Ultrasound Image Representation Learning by Modeling Sonographer Visual Attention

Abstract

Image representations are commonly learned from class labels, which are a simplistic approximation of human image understanding. In this paper we demonstrate that transferable representations of images can be learned without manual annotations by modeling human visual attention. The basis of our analyses is a unique gaze tracking dataset of sonographers performing routine clinical fetal anomaly screenings. Models of sonographer visual attention are learned by training a convolutional neural network (CNN) to predict gaze on ultrasound video frames through visual saliency prediction or gaze-point regression. We evaluate the transferability of the learned representations to the task of ultrasound standard plane detection in two contexts. Firstly, we perform transfer learning by fine-tuning the CNN with a limited number of labeled standard plane images. We find that fine-tuning the saliency predictor is superior to training from random initialization, with an average F1-score improvement of 9.6% overall and 15.3% for the cardiac planes. Secondly, we train a simple softmax regression on the feature activations of each CNN layer in order to evaluate the representations independently of transfer learning hyper-parameters. We find that the attention models derive strong representations, approaching the precision of a fully-supervised baseline model for all but the last layer.

Publication
Information Processing in Medical Imaging (IPMI) 2019

Paper Summary

Table of Contents

Introduction
Representation Learning by Modeling Visual Attention
Transfer Learning
Fixed Feature Extractor

Introduction

Humans direct their visual attention towards semantically informative regions when interpreting images [ Wu et al. 2017]. The task of predicting the distribution of gaze points on images or video frames is referred to as visual saliency prediction, and CNNs are currently the most effective method to do so [ Borji 2018]. While there has been extensive research on designing ever more accurate saliency predictors ( benchmarks), little work has been devoted to making them useful for other computer vision tasks (exceptions include Cornia et al. (2017) and Cai et al. (2018)). Here, we ask the question: To what extent can the representations learned purely based on gaze data be transferred to a challenging classification task?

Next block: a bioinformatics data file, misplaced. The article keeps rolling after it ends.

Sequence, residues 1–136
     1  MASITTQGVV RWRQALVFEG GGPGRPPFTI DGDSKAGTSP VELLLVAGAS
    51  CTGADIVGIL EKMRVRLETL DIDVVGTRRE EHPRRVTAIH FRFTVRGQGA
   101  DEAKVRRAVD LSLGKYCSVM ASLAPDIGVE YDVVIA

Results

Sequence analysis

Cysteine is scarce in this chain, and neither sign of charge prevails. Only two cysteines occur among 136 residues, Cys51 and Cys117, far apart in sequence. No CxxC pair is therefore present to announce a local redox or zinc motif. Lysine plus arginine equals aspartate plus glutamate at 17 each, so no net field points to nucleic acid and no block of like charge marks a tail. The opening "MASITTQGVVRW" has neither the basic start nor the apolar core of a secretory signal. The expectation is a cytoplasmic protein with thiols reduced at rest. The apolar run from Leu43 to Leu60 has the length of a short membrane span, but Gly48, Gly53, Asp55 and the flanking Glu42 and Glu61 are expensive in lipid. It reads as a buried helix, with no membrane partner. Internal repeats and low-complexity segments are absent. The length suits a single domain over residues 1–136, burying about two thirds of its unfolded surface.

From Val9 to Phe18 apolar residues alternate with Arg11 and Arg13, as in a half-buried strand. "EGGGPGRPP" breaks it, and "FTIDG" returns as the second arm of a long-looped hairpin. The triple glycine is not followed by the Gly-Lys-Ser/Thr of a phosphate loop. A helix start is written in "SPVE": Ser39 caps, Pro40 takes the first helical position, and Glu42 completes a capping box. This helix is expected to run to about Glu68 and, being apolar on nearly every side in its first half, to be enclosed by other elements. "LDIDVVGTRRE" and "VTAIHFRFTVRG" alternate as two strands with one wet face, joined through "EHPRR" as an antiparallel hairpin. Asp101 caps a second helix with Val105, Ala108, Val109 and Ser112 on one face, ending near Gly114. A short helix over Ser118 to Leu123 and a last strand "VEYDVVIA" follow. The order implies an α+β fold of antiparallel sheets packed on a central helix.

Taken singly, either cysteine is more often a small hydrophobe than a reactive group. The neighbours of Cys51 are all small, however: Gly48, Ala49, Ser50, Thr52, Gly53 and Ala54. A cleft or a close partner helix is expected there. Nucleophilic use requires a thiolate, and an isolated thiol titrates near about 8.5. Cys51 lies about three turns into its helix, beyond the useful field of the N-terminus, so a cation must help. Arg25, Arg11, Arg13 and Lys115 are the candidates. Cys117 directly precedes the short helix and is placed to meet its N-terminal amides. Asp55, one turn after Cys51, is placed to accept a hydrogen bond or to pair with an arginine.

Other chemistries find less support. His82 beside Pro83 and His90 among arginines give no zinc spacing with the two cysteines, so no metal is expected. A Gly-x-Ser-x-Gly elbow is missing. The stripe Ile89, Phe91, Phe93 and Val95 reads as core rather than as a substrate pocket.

Specifically, we train a CNN to predict the gaze of sonographers while they perform routine fetal ultrasound scans, and evaluate that model on the task of detecting certain standard planes in the corresponding videos. We implement two methods for predicting the sonographer gaze:

  1. The model predicts the 2D scalar gaze point heat maps, termed saliency maps (usual approach)
  2. The model directly regresses the gaze point on each video frame.

We refer to these models as visual attention models (VAMs), i.e., Saliency-VAM and Gaze-VAM. We pose the task of standard plane detection analogously to Baumgartner et al. (2016), and use their trained SonoNet model as a baseline.

Since the gaze data is acquired automatically, our work is related to self-supervised learning, which aims at learning representations from data without manual annotations by training on auxiliary prediction tasks. A good example of self-supervised learning is the work of Doersch et al. (2017), who combine multiple auxiliary tasks such as colorization. To the best of our knowledge, this work is the first attempt to study human visual attention modeling in the context of self-supervised representation learning.

Representation Learning by Modeling Visual Attention

Fig. 1 a): Illustration of our framework for learning and evaluating visual attention models (VAMs)

Fig. 1 a) illustrates our framework for training and evaluating the visual attention models (VAMs). On random fetal ultrasound video frames, a dilated CNN is trained to either regress sonographer gaze points or to predict the 2D scalar saliency maps (see Fig. 2). Next, the dilations are removed (see Fig. 1 b)) and the network is evaluated on standard plane detection. We evaluate two methods of transferring the learned representations: